240s have the weakest stub axles with a smaller diameter 25 spline shaft. 260s got the 240 stubs for the first part of production, then later got the 280s 27 spline shafts. The 240 shafts have been used by people running V8 conversions for long periods of time without any failures, but as with all of these things, usage will likely limit how long the weaker parts can be successfully used. In other words, if you are drag racing on slicks, you probably want to step up.


280 stub axles can be installed in 240 struts with no modifications and the wheel bearings and seals are the same in both cases. This upgrades the inner part of the shaft from 25 to 27 spline.




Above and beyond the 280 stub axle swap, www.modern-motorsports.com makes a 4130 chromoly stub axle and companion flange in 4 or 5 lug styles. The companion flange can be ordered to fit the 280ZXT CV shafts, the 300ZXT CV shafts, or the shortnose R200/R230 CV shafts. This is the strongest option available without resorting to a live axle swap or making a custom strut housing to fit a larger beefier axle shaft.

Modern Motorsport 4130 stub axles:





Eric Neyerlin at www.zparts.com was nice enough to grant permission to show his photos of stub axle destruction. The stub axles usually tend to break on the inside where the compainion flange is. Usually when the stub axle breaks on the inside there is an odd noise similar to a broken U-joint that prompts the driver to investigate until the cause is found. The car may even still be driveable with the axle sheared in some cases. In other cases when the axle breaks the halfshaft falls away from the outside edge of the wheel and whips around beating the hell out of the control arm.


Picture of broken stub axle:



Close up of sheared edge:



The other weld on the stub axle is located where the flange is connected to the shaft. If this part of the stub fails you're in trouble. The whole wheel and brake can lean right in until it hits some part of the suspension or wheel well. Here is a picture of what happens when the flange weld fails:





The stock front differential mount on the Z is a source of constant exacerbation for Z owners. The diff mount does not have a failsafe built into it so by design when the mount comes apart there is nothing to prevent the nose of the diff from climbing. Nissan was kind enough to “fix†that problem by adding a strap over the top of the diff which helps limit the lifting at the front of the diff. These two parts combined do a marginal job of controlling the diff even under the “abuse†that stock power levels can put to them. Any increase in power levels should be accompanied by some attention to the front diff mount.




These are sold by several aftermarket parts suppliers including www.arizonazcar.com and www.zcarparts.com. They will absolutely prevent the nose of the diff from lifting, but they also transmit lots of noise into the cabin, so much that some members here have reported feeling physically ill after only 10 minutes exposure to the noise. Regardless of these issues, this is a popular race part for Z cars, and there are quite a few people who do use these mounts on the street.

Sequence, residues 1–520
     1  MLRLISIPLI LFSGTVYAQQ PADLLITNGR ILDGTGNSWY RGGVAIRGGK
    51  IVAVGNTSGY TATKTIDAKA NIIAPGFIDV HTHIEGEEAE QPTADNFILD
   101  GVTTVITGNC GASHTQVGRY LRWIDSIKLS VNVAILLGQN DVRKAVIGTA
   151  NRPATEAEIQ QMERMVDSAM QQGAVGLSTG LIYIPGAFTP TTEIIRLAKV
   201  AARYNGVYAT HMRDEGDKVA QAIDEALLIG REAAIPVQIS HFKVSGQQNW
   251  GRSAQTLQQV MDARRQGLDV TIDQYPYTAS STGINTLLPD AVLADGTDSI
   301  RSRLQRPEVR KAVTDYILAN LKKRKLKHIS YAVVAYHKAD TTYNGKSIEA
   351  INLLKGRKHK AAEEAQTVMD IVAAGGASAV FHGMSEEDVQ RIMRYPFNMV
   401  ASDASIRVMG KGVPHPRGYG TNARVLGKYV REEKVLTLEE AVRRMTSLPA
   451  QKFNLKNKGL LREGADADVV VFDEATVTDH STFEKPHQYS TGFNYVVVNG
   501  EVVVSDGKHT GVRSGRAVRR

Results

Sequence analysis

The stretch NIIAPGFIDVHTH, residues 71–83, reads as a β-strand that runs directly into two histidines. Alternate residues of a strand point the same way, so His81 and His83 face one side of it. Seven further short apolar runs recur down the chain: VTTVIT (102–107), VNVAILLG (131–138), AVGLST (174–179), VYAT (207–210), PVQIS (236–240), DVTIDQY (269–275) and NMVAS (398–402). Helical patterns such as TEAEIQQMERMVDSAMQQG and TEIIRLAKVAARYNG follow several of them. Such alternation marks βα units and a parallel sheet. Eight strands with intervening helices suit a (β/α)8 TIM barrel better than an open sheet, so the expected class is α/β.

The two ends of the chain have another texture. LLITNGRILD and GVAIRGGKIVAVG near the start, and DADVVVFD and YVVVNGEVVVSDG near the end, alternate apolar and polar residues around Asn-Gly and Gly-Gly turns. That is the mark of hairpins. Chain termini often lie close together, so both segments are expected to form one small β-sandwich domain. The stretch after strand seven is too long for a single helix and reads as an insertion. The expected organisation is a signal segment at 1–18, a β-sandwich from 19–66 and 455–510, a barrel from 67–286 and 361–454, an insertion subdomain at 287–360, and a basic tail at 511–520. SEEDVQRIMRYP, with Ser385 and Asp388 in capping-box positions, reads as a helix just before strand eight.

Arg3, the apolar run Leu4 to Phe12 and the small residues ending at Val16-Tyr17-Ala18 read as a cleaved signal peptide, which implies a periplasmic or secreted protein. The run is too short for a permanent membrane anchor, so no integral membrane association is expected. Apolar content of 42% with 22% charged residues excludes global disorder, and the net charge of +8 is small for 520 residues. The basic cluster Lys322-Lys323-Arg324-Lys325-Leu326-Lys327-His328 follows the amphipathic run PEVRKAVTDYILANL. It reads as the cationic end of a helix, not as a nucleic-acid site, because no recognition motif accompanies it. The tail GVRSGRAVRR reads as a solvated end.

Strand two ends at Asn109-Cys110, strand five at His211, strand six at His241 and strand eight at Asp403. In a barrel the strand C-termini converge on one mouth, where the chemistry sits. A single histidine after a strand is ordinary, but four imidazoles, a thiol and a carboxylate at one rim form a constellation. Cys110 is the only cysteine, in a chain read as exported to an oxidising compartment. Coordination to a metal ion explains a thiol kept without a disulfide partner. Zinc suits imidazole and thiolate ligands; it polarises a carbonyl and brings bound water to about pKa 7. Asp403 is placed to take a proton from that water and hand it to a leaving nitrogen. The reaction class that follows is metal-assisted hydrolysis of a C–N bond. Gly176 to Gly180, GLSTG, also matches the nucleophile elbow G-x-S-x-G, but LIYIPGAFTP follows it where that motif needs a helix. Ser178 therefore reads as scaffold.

The creativity of our members cannot be overestimated and some of the easiest and simplest solutions to this problem come from our members’ garages. Probably the simplest solution comes from Clifton, who welded two tabs, one in front and one in back, to the vertical face of the diff mount. Then he drilled a hole in the tabs and ran a bolt through the two tabs. The bolt is trapped underneath the crossmember, so the diff can only lift until the bolt touches the crossmember. Simple solution and easy to make. I could not find a picture of this diff mount. I know I've seen it before. If you have a link post it up please.


Another good one is the clamshell design. A U shaped piece of metal is fitted below the front diff crossmember, and a rubber pad is installed on the new piece. This is then bolted or welded to the existing vertical flanges of the diff mount, similarly to Clifton’s solution. The advantage here is that the rubber isolates some noise from transmitting through the bolt and into the cabin. It’s possible a piece of fuel or radiator hose over the bolt in Clifton’s design might have just about the same effect. Click here for pictures and an explanation of the clamshell design: http://album.hybridz....php?photo=2501


Either way both are simple and well worth the effort.




There is also Ron Tyler's design, which is more like the pinion snubber that you would find on an American car with a solid axle. This piece bolts to the chassis and the mount hangs down, where the diff bolts to it. This works great because the nose of the diff moves UP when torque is applied so torque doesn't rip the mount apart.



- It isn't solid, so you get vibration isolation ALL THE TIME.

- It allows the front of the differential to be lowered so that the minimum and acceptable driveshaft u-joint angles can be obtained for a JTR V8 swap.

- It allows you to modifiy/partially remove the front diff crossmember for mor exhaust clearance.

- It bolts right in (in most cases).



- It requires welding.

- It may take some massaging to fit into certain early 240Zs? So it may be best to build it on the car.

- It uses no Nissan Parts? LOL


Here is a good thread on the Ron Tyler designed mount: http://forums.hybrid...ead.php?t=95128


Here is a thread with very good info on solid diff mounts and the damage that may result from them, also shows good pics of the Ron Tyler mount: http://forums.hybrid...ad.php?p=798627


Another good thread with pictures discussing solid diff mount failures: